To understand how much is on the line for Harry Kane this summer, it is worth laying everything out. He will captain England in what is in effect a home tournament and the prospect of lifting the weight imposed by five and a half decades of history is one that sets his eyes aglow. Kane believes he is at the height of his powers: he has never felt this good about his game so this would be the period, performing on those golden July evenings to a country that has rarely been more thirsty for a flush of euphoria, when a career’s loftiest ambitions bear fruit.
Some of them, anyway. Kane will turn 28 just over a fortnight after the final and the elephant in the room is that should Tottenham’s season fade to dust in the manner recent weeks have threatened, there will be tough decisions ahead. Nobody would want to emerge from their peak years empty handed; he knows the issue of his future will stalk him through the coming months but is aware the rescheduled Euro 2020 will be that much more of an uphill struggle if he does not block out the noise.
“I think that’s a hard question to answer right now,” he says, when asked about the swirl of speculation that suggests he must leave Spurs in order to win major trophies. “It’s important that all my focus is on the two England games coming up now, the rest of the season with Spurs, and then the Euros. To be thinking about speculation or rumours would be damaging in terms of my own performance.
“I always like to be focused on one goal and one job and that’s to finish strongly with Spurs, win these [World Cup] qualifiers with England and hopefully go on and have a great Euros. I try to stay out of that speculation as much as possible. I’m fully focused on doing the job on the pitch from now until the end of the summer, and then we’ll see where we go from there.” That will do nothing to quell the murmurings given Kane, who has been conspicuous by his silence for most of the season, could have scotched them then and there.
Spurs have had “a difficult spell”, he admits, although he emphasises a top-four finish and Carabao Cup final win would alter perceptions. He has set out his conditions for long-term contentment at Tottenham several times, saying six months before signing a new contract in 2018 that the aim was to “just keep progressing, keep getting better”. Back then he continued: “We want to start winning trophies, so that’s the aim. As long as the club keeps doing that then I’m happy here.”
Yet his cabinet is bare and it would be strange if, given all the shots at glory Spurs have been offered, he furnished it for the first time with a once-in-a-generation achievement in a national team shirt. The clock is ticking and, speaking on Friday, Kane gave the air of a player at pains to push on. He is Spurs’ No 9; with 13 assists in the league this season he is also, to all intents and purposes, their No 10.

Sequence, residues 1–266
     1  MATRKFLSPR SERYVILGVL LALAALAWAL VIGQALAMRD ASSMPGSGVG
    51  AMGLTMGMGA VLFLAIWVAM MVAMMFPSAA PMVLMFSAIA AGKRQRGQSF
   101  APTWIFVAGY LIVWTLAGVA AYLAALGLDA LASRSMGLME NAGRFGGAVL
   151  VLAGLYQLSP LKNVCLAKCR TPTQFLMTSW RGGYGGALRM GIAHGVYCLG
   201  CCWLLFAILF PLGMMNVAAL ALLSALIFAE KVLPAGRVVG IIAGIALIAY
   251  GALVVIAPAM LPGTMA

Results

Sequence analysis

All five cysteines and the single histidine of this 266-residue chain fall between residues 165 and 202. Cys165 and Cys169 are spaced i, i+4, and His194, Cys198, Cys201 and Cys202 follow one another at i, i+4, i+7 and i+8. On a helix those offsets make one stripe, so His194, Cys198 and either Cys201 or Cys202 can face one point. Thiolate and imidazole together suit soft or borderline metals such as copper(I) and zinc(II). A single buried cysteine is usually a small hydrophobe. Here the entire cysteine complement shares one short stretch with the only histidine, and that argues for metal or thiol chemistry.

Kane has been brilliant for a spluttering team and, through his disarming manner, there is little doubting he knows it. He certainly agrees he has never taken a more complete package into an international competition.
“I’m 27 now, I’ve had a lot of experience in the game,” he says. “I’ve had a lot of time to learn and adapt and find things that work, things that don’t. You’re probably seeing this season an evolution of that, and I probably feel at my best mentally in terms of where my game’s at: being confident on the pitch and scoring goals, assisting goals, defending. I always feel like I can have an impact on the game.
“So yeah, I’m definitely at that stage in my career. I’m always someone who has said I can improve year in, year out, and that’s what I feel like I’ve done. I’m not the finished article by any means but I’m in a very good place at the moment.”
That goes for his state of mind; the question is whether it will also apply to his club. Kane will face Robert Lewandowski, the 32-year-old who is the only comparable centre-forward on the continent, when England face Poland on Wednesday. He rhapsodises about Lewandowski’s all-round game and that over the past five years he has hit an extra gear. “I feel like, especially nowadays, there is no reason why you can’t be hitting your prime in your early 30s,” Kane says. “So that’s what I want to be doing. I still feel like I’ve got plenty more years to go, learn and improve.”
But Lewandowski plays for Bayern Munich and material achievements are, of course, where comparisons diverge. The Pole has won eight Bundesliga titles, a Champions League and a Club World Cup, six of those trophies coming after he turned 28. The last of those figures will not go over Kane’s head. In the right setting he could ensure that, even if the next four months do not transpire according to plan, all is far from lost.
For now his gaze is trained only on the prize that sits visibly ahead. Kane does not want to follow Wayne Rooney in looking back at missed opportunities at World Cups and European Championships. “If I get to the end of my career and haven’t won a trophy with England I’d always look back and probably regret that in the same way,” he says. There is the increasing sense that a similar penny will drop regarding his club career after his summer’s work is done.